Before diving into the concepts and importance of applying them to the web, it is necessary to understand accessibility as the ability to design products or experiences that can be used by everyone, regardless of their conditions or disabilities.
There are different types of disabilities: related to dexterity, cognitive, movement, vision, hearing or speech.
In addition, these disabilities may not be permanent, so anyone can become temporarily disabled, depending on the environment or situation.
For example, trying to read a screen in full sunlight can cause us a visual impairment such as not allowing us to see it properly.
Why is web accessibility important?
- Improves user experience: An accessible website allows all users, regardless of their abilities, to access and interact with content effectively.
- Expands our audience: By ensuring web accessibility, we can reach a wider and more diverse audience, including people with disabilities who may have been ignored on other websites.
- Improves our brand perception: By showing our commitment to inclusion and diversity, we can improve our brand image and build our online reputation.
- Improves SEO ranking: Search engines like Google value accessible websites as this improves the user’s ability to interact with the content.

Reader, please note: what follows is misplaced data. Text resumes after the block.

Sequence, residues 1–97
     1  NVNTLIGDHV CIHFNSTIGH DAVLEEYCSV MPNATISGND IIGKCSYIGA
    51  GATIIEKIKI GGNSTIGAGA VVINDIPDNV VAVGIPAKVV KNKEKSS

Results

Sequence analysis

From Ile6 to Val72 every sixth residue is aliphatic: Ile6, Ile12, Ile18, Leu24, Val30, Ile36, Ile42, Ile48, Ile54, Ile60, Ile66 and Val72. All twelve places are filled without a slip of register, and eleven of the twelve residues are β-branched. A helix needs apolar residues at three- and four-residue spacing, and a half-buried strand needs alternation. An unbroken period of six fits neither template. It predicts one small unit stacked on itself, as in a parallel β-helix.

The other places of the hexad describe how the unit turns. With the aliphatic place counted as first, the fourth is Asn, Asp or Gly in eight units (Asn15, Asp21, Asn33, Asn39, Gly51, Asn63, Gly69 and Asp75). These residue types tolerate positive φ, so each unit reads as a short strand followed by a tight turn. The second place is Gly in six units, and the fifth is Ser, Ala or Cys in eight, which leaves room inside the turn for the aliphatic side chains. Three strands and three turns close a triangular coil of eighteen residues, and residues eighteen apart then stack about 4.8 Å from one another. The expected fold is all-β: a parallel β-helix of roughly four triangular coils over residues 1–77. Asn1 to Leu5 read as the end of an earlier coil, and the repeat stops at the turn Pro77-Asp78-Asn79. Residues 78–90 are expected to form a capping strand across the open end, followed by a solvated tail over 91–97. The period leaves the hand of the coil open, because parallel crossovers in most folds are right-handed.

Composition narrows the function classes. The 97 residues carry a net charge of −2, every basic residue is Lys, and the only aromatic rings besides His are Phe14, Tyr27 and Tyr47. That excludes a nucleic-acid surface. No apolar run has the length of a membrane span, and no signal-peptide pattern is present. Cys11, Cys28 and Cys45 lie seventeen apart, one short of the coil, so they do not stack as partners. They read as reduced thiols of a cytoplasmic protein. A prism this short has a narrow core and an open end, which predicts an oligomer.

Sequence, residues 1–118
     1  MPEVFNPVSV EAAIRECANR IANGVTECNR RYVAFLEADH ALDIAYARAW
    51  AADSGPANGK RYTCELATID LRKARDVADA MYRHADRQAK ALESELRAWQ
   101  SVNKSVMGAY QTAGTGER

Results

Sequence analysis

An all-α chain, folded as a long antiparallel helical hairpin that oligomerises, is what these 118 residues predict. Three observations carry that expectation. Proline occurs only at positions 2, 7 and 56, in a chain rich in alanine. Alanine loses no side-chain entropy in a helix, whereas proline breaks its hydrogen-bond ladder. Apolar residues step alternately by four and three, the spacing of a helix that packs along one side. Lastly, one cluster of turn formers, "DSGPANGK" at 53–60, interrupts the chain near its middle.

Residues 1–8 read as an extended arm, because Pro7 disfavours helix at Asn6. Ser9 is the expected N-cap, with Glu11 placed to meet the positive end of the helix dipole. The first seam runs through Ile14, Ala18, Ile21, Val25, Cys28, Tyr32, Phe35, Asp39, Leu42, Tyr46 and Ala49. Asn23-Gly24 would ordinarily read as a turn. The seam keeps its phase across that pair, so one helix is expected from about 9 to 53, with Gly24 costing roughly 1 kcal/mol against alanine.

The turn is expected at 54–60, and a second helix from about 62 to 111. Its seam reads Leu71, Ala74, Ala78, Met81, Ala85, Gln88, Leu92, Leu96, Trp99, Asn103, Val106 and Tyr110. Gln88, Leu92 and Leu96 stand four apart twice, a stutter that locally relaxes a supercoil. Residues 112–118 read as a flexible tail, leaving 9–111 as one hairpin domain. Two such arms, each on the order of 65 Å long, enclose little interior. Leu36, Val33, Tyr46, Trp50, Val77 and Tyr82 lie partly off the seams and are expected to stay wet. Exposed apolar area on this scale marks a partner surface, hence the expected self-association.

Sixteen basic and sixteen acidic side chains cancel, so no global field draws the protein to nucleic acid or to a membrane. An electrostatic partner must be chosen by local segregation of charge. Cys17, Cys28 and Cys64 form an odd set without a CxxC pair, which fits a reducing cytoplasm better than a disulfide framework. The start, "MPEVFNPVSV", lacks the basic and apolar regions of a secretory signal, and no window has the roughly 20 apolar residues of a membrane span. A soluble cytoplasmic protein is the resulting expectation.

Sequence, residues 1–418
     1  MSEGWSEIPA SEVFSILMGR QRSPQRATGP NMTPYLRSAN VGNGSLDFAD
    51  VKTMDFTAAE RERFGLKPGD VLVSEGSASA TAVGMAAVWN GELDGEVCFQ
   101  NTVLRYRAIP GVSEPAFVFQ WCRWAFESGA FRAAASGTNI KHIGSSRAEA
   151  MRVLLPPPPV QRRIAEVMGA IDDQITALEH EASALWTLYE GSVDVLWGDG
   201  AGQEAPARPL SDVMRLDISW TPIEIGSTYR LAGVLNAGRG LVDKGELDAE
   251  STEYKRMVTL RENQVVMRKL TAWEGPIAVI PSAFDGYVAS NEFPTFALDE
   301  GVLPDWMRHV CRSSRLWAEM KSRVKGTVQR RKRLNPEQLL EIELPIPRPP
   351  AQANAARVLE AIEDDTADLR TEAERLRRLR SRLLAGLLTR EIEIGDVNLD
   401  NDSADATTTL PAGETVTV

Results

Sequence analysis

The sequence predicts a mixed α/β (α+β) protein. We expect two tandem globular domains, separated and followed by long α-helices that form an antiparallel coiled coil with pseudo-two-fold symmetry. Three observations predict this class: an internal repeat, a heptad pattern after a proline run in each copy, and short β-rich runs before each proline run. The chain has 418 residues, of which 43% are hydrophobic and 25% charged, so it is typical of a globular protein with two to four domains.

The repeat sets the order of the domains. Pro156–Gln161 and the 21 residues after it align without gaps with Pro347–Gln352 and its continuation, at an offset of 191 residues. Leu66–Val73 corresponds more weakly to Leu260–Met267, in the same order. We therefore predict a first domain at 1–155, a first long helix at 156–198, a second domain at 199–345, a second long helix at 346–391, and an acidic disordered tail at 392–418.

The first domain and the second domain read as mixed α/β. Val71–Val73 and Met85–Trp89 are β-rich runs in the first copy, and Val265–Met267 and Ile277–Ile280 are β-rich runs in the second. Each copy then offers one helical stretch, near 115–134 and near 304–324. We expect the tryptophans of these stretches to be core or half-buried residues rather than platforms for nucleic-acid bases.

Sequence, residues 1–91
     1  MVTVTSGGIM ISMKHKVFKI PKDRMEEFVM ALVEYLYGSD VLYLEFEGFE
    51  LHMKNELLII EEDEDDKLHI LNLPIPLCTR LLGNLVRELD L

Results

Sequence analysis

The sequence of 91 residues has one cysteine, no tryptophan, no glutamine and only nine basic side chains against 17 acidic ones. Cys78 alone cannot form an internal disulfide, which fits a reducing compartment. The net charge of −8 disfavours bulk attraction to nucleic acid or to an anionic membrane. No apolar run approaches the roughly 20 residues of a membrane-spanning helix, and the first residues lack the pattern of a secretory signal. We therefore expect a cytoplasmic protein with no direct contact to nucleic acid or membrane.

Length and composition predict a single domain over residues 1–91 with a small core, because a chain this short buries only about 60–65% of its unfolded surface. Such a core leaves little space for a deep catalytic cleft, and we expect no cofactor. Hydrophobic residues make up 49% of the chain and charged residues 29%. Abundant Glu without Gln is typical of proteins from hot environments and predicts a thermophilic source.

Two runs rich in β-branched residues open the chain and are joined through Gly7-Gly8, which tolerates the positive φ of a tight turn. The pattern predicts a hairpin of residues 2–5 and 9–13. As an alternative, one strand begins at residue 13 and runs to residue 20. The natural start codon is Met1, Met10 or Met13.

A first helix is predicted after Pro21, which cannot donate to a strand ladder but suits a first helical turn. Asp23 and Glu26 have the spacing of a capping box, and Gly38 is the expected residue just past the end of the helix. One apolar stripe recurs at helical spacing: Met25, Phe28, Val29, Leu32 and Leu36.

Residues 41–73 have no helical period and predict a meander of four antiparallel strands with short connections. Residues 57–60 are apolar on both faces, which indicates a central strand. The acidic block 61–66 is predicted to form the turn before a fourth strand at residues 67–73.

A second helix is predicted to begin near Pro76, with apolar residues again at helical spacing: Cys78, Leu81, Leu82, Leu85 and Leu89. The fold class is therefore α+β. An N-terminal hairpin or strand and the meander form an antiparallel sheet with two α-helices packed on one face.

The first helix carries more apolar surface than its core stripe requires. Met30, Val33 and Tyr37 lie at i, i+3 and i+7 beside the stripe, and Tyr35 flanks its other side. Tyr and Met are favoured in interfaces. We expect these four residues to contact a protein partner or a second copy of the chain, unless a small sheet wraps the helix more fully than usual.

What should be considered for a website to be accessible?
Achieving the highest level of accessibility (called AAA by the WCAG 2.1 standard) can involve a lot of content review and adjustment, design, and programming. However, with some simple improvements, visible results can be achieved in a short time:
Provide text alternatives: All non-text content on the web, such as images, videos, or audios, should have a text version so that users with visual impairments can identify and understand them.
In the case of images, this involves offering alternative text with descriptions, in the case of audio, textual transcripts, and in the case of video, subtitles.
Improve color contrasts: It is important to ensure that web elements have a color that is sufficiently contrasted with the background or the element that contains them, so that users with color blindness or other visual problems can see them correctly.
Check element sizes: Buttons or other interactive elements should be of sufficient size to make them easily identifiable.
Ensure that everything that moves can be stopped: Animations or background videos are visually powerful elements that can make a difference in the design of a website. However, whenever possible, an option to stop them should be offered, as they can be problematic for people with cognitive problems.
What can I do if my website is not accessible?
If you want to ensure that an existing website meets accessibility standards, you need to start by conducting an audit that helps you understand what aspects can be improved.
This audit will help identify which content needs to be worked on, which elements need to be designed more accessibly, or which parts of the programming can be improved so that text readers or other assistive technologies can identify them correctly.
At Mortensen, we can help you identify the points of improvement for your website or app by conducting a complete accessibility audit. Shall we talk?